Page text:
Chinese New Year: West End to welcome Year of the Pig

From traditional dances to a Bruce Lee impersonator, the capital is the place to be for Chinese New Year

Friday, 8th February 2019


Click here to read our Chinese New Year supplement

HAPPY Chinese New Year and welcome to the Year of the Pig!

An exciting action-packed programme of events awaits revellers this weekend, including the largest gathering of Chinese Lions and Dragons in Europe.

Live music and shows are taking place, while street food sellers will be setting up stalls across the West End.

Traditional hand-crafted floats, sent to London from the People’s Republic, are the focus of the grand parade on Sunday.

It starts at 11am north of Trafalgar Square and will end at Shaftesbury Avenue, at the junction with Rupert Street.

In the Main Celebration Zone in Trafalgar Square the celebrations will begin with a series of screen shows and a thanksgiving ceremony at 11am.

At noon, firecrackers will be followed by speeches and a Lion Dance eye-dotting ceremony.

Dragon and flying Lion dances, organised by the London Chinatown Chinese Association, are from 12.50pm.

Then from 1.15pm there will be dances from the Beijing Opera, a performance by a Bruce Lee impersonator and flute and hand puppet performances by the celebrated Kunqu Opera group and Ruggieri Dance Academy.

The World Harmonica Champion, from Hong Kong, is among performers recreating English and Chinese pop music.

There will also be drum dances from Hangyou Zhou and the London Chinese Philharmonic Choir.

The Aubretia will perform traditional Chinese dance routines and at 5.45pm there will be a grand finale extravaganza of dragon dancing, light shows and special effects.

In the Talent Zone in Shaftesbury Avenue there will be a variety of performances between 12pm-5pm from emerging talents .

Charing Cross Road has been listed as the Martial Arts and Cultural Zone.

The street will be closed off and there will be a series of demonstrations from groups including the Jeffrey Alexander School of Martial Arts, Samuel Kwok, UCL Shaolin Kung Fu Club and the Silver Sabres Combat Academy.

In the Family and Children Zone in Leicester Square, Abbey Road nursery children will perform in collaboration with the London Chinatown Chinese Association. Children can try out arts and crafts and play musical instruments and calligraphy.

Join the celebrations in Chinatown

THE Chinese New Year celebrations in Chinatown on Sunday will be the biggest outside China.

The festivities are organised by the London Chinatown Chinese Association (LCCA).

The group was set up in 1978 with the aim of growing business in Chinatown and getting the British Chinese to better engage with the British way of life.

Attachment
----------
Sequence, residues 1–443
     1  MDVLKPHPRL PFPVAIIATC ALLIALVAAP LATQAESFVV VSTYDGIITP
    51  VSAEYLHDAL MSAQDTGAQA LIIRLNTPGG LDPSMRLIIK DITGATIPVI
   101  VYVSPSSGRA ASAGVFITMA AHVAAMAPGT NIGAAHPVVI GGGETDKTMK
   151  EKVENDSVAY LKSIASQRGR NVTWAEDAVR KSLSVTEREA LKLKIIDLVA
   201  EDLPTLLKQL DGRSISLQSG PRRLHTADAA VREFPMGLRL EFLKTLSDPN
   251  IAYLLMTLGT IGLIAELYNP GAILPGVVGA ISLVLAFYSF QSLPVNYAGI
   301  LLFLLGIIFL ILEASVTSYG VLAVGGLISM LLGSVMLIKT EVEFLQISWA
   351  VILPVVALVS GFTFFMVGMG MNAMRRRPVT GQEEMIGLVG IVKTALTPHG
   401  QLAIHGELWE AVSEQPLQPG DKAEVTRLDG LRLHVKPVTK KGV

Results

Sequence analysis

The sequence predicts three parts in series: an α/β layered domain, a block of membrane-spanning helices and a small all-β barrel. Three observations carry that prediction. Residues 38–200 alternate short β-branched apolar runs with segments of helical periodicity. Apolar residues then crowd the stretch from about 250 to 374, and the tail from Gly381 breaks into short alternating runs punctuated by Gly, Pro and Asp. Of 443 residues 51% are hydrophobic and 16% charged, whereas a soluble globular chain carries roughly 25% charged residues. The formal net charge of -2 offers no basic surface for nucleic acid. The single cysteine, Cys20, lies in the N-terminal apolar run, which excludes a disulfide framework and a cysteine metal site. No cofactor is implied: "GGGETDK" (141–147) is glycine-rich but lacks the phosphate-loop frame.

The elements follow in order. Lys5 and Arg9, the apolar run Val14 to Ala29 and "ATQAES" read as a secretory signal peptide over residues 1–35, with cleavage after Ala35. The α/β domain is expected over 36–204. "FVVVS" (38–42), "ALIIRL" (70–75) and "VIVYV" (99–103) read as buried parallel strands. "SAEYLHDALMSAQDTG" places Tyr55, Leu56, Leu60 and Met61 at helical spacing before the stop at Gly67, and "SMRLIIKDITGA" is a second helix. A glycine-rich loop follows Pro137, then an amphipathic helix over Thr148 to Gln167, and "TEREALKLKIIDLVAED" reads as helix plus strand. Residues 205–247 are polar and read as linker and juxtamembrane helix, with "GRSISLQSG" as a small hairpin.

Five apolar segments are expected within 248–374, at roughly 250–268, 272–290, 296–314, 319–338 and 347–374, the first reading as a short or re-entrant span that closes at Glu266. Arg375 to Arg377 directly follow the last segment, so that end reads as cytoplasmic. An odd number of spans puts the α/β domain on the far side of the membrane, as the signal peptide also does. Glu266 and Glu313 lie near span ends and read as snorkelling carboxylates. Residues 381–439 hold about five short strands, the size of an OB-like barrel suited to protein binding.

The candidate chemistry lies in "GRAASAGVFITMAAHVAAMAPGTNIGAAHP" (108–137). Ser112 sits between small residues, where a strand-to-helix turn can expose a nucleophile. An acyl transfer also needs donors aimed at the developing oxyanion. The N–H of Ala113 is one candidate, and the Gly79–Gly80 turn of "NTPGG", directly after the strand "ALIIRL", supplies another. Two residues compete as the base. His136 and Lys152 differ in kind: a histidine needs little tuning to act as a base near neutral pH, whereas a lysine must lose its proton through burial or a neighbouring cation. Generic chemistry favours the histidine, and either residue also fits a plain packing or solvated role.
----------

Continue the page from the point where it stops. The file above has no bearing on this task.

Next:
The organisation has raised funds for disaster-struck parts of China, including the devastating Daxinganling fire in 1987, the East China floods in 1991 and the flooding in the Yangtze river in 1998.

LCCA says it has donated considerable funds for the construction of new schools and hospitals in mainland China.

Introducing the event, the LCCA said: “The Chinese New Year Festival is now the biggest Chinese New Year celebrations held outside of Asia, it has become an integral part of the London event calendar and is the biggest outdoor event in London attended by hundreds of thousands people each year.

“Within China, regional customs and traditions concerning the celebration of the Chinese New Year vary widely.

“Often, the evening preceding Chinese New Year’s Day is an occasion for Chinese families to gather for the annual reunion dinner.

“It is also traditional for every family to thoroughly cleanse the house, in order to sweep away any ill-fortune and to make way for good incoming luck.

“Windows and doors will be decorated with red-coloured paper cups and couplets with popular themes of ‘good fortune’ or ‘happiness’, ‘wealth’, and ‘longevity’. Other activities include lighting firecrackers and giving money in red paper envelopes.”

The festival is also known as the Spring Festival and is an official holiday marked at the turn of the Chinese calendar.

Traditionally, the festivities run from the last day of the last month of the Chinese calendar to the 15th day of the first month.

Because the Chinese calendar is lunisolar, the Chinese New Year is often referred to as the “Lunar New Year”.

The LCCA says that celebrations have gained significance over the years “because of several myths and traditions” that saw it become a time when people would honour deities and ancestors.


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